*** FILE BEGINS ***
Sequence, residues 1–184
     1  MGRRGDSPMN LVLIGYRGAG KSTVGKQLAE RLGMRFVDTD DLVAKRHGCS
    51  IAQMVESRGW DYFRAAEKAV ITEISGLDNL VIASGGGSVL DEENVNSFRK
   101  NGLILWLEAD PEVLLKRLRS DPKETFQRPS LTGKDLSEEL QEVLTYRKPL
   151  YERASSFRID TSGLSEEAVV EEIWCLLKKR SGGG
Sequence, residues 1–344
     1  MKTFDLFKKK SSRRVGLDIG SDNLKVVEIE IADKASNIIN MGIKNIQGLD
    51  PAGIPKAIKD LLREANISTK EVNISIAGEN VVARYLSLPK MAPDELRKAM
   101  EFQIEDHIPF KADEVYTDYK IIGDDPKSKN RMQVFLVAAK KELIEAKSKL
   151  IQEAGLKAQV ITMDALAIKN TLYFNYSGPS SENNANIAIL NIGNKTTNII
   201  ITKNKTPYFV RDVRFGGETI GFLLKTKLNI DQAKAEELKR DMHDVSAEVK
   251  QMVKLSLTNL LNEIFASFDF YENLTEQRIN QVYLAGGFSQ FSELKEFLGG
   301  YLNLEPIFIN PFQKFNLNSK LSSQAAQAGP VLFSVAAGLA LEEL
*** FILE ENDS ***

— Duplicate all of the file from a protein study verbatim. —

Sequence, residues 1–184
     1  MGRRGDSPMN LVLIGYRGAG KSTVGKQLAE RLGMRFVDTD DLVAKRHGCS
    51  IAQMVESRGW DYFRAAEKAV ITEISGLDNL VIASGGGSVL DEENVNSFRK
   101  NGLILWLEAD PEVLLKRLRS DPKETFQRPS LTGKDLSEEL QEVLTYRKPL
   151  YERASSFRID TSGLSEEAVV EEIWCLLKKR SGGG
Sequence, residues 1–344
     1  MKTFDLFKKK SSRRVGLDIG SDNLKVVEIE IADKASNIIN MGIKNIQGLD
    51  PAGIPKAIKD LLREANISTK EVNISIAGEN VVARYLSLPK MAPDELRKAM
   101  EFQIEDHIPF KADEVYTDYK IIGDDPKSKN RMQVFLVAAK KELIEAKSKL
   151  IQEAGLKAQV ITMDALAIKN TLYFNYSGPS SENNANIAIL NIGNKTTNII
   201  ITKNKTPYFV RDVRFGGETI GFLLKTKLNI DQAKAEELKR DMHDVSAEVK
   251  QMVKLSLTNL LNEIFASFDF YENLTEQRIN QVYLAGGFSQ FSELKEFLGG
   301  YLNLEPIFIN PFQKFNLNSK LSSQAAQAGP VLFSVAAGLA LEEL